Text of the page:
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Dr. Jay
VerLinden
Communication
Department
College of Arts, Humanities
and Social Sciences
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Argumentation and Critical Thinking Tutorial

INFORMAL FALLACY DEFINITIONS
GROUP 6: REFUTATION BASED FALLACIES

Quick Review

This page reviews the definitions of fourteen fallacies and their variations. In most cases a common English name for each fallacy is used, with alternative names in parentheses. This page does not describe the fallacies in detail, so you should be sure to read some material on these fallacies before you take the tests.

These fallacies have been grouped together because they can all be considered to be refutation in arguments. Keep in mind that they could also be grouped in other ways, as could the fallacies in other sections of this site.

 

APPEALS TO EMOTIONS: attempts to gain agreement based solely on the feelings aroused in the message. Specific types of appeals to emotions include:

APPEAL TO COMPASSION (appeal to pity, ad misericordiam ): an appeal to emotion that argues that a conclusion should be made based on feeling sorry for someone when that feeling is irrelevant to the conclusion.

APPEAL TO FEAR (scare tactics): an appeal to emotion that argues actions should be taken to avoid negative results, when the negative results are exaggerated, unlikely or irrelevant.

APPEAL TO INDIGNATION: an appeal to emotion that argues against a position based only on negative personal feelings toward the position.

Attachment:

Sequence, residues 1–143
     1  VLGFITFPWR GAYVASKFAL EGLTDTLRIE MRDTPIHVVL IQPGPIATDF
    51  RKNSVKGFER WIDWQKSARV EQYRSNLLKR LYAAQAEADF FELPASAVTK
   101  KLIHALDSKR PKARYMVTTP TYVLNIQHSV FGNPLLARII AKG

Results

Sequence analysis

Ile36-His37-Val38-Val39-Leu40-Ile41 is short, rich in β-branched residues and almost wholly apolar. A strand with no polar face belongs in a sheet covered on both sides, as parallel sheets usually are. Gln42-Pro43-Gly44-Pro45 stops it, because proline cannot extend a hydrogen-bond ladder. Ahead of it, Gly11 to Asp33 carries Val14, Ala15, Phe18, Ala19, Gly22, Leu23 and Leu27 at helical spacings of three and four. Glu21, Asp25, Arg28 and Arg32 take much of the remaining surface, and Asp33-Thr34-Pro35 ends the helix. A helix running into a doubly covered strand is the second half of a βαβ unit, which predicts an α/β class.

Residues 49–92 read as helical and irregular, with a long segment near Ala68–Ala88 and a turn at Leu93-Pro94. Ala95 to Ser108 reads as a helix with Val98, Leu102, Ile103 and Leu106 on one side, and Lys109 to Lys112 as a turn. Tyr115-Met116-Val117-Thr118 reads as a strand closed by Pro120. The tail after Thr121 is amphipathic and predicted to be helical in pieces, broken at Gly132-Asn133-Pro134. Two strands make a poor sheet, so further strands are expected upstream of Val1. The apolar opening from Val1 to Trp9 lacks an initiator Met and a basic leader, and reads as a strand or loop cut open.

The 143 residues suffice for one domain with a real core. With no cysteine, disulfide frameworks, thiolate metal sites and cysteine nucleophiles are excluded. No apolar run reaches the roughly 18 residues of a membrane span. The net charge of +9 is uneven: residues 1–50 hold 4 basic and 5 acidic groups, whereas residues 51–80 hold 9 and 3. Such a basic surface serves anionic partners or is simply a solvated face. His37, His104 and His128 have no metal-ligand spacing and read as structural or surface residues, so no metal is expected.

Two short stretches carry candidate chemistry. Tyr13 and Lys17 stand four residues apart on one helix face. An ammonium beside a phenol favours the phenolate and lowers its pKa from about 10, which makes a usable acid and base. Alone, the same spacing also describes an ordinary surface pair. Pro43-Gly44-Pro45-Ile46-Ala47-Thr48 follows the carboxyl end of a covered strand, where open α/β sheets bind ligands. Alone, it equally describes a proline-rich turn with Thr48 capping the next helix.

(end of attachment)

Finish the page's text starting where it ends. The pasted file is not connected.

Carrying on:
APPEAL TO JOY: an appeal to emotion that argues something should be done only because it will make the person doing it feel good.

APPEAL TO LOYALTY: an appeal to emotion that argues an action should be taken based only on the need to be loyal to someone or to a group.

APPEAL TO POPULARITY: an appeal to emotion that argues someone should do something only because it will make that person better liked by others.

APPEAL TO SPITE: an appeal to emotion that argues someone should do something only because of ill will towards someone else.

APPEAL TO FORCE (ad baculum ): using threats of harm instead of good evidence and sound reasoning to gain agreement.

ARGUMENT AGAINST THE PERSON (ad hominem ): attacking the character or background of the person making an argument instead of responding to that person's claim, evidence, and reasoning.

EVADING THE ISSUE (red herring, irrelevant conclusion): supporting a claim with evidence or reasoning that is not relevant to the proposition, or responding to another's argument by changing the subject.

FALSE CONSOLATION: arguing that someone is not really harmed because things could be worse or by pointing out what they have to be thankful for.

GENETIC FALLACY: arguing that an idea should be accepted or disregarded only because of its source.

HORSE LAUGH: responding to an argument with an expression of derision instead of a counter argument.

IGNORATIO ELENCHI .(ignorance of refutation): causing confusion during refutation because of a real or feigned lack of ability to engage in refutation.

REDUCING TO AN ABSURDITY (reductio ad absurdum ): characterizing an opponent's position in such a way to make it or its consequences appear to be ridiculous.

STRAW PERSON (straw man): asserting an argumentative opponent has taken an easily defeated position, which the opponent has not really taken, defeating the position, and acting as if you've done significant damage to that person's overall argument.

TU QUOQUE .("you too" fallacy, two wrongs make a right, common practice): responding to charges of wrongdoing by saying the accuser or others do something equally bad.

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